With breast cancer, early detection and proper staging are critical, influencing both the treatment regimen and therapeutic outcome for a patient. Improvements in these areas will play a profound role in reducing mortality due to this disease. We therefore aim to develop a targeted adenoviral based gene therapy vector that can be used in the detection and staging of metastatic breast cancer. We did this through application of the two-step transcriptional amplification system (TSTA). This system was developed in our lab, and has shown the ability to greatly augment the activity of weak promoters, while still maintaining tissue specificity. We incorporated the tumor specific promoter Mucin1 into the TSTA system to successfully target breast tumor models. Studies carried out in vitro have demonstrated that this MUC1 TSTA vector is able to achieve efficiency of up to 250 fold over basal promoter levels, without loss of specificity. Moreover, when incorporated into an adenoviral vector to express firefly luciferase (AdMUC1-TSTA-fl), it exhibits higher reporter gene expression than a AdCMV-fl virus at the same multiplicity of infection (MOI). Biodistribution studies have shown that, depending upon the initial route of administration, this system holds great potential for use in the detection of lymph node metastais, as well as distant metastases. This vector has shown low off target expression following intravenous injection into non-tumor bearing mice. Through use of in vivo xenograft models of breast cancer, we have shown the ability to target and detect both lymph node metastais, as well as liver metastasis using our AdMUC1 TSTA-fl reporter virus in combination with in vivo optical imaging. Based on these results, we believe that this system holds strong promise for clinical application. A critical aspect of this project will be the incorporation of cytotoxic genes for therapeutic studies. At the same time, the ability to express imaging reporter genes for bioluminescent imaging or PET (positron emission tomography) is highly desirable, allowing for efficient, non-invasive monitoring of pharmacokinetics of transgene expression in real time. To address this issue, we developed a MUC-1 driven TSTA amplification scheme able to simultaneously express two separate transgenes, the firefly luciferase and the herpes simplex virus thymidine kinase (HSV-tk sr39tk) gene. This bi-directional reporter TSTA construct has shown strong efficiency, and specificity, and is currently being evaluated for use in therapeutic application of breast tumors in vivo. This approach holds great promise for the treatment and diagnosis of metastatic breast cancer.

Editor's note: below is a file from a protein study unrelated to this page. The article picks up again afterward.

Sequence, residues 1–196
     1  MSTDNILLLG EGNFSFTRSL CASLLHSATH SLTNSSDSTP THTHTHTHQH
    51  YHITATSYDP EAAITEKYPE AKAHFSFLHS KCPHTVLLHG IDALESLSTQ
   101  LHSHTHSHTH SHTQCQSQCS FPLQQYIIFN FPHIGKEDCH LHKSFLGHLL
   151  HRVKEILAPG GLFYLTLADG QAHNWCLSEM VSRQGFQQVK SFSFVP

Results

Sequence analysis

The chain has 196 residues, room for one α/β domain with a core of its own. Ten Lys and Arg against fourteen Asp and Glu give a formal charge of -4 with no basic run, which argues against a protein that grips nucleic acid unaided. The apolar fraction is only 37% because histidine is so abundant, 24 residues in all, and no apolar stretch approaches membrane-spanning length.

Citation Information: Cancer Res 2009;69(2 Suppl):Abstract nr 6022.
Thirty-first San Antonio Breast Cancer Symposium Dec 10-14, 2008; San Antonio, TX